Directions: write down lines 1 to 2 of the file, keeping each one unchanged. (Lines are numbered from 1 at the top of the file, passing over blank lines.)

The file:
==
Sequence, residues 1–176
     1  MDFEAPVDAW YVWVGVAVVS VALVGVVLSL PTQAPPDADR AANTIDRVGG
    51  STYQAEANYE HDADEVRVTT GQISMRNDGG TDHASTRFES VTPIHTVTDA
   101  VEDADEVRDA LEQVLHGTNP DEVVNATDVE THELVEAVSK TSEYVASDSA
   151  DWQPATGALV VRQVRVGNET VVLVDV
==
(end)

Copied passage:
Sequence, residues 1–176
     1  MDFEAPVDAW YVWVGVAVVS VALVGVVLSL PTQAPPDADR AANTIDRVGG